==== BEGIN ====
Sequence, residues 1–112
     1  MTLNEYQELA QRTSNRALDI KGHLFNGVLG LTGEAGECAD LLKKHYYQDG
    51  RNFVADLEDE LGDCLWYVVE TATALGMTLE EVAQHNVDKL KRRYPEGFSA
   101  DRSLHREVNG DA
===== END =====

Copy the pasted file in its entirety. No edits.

Sequence, residues 1–112
     1  MTLNEYQELA QRTSNRALDI KGHLFNGVLG LTGEAGECAD LLKKHYYQDG
    51  RNFVADLEDE LGDCLWYVVE TATALGMTLE EVAQHNVDKL KRRYPEGFSA
   101  DRSLHREVNG DA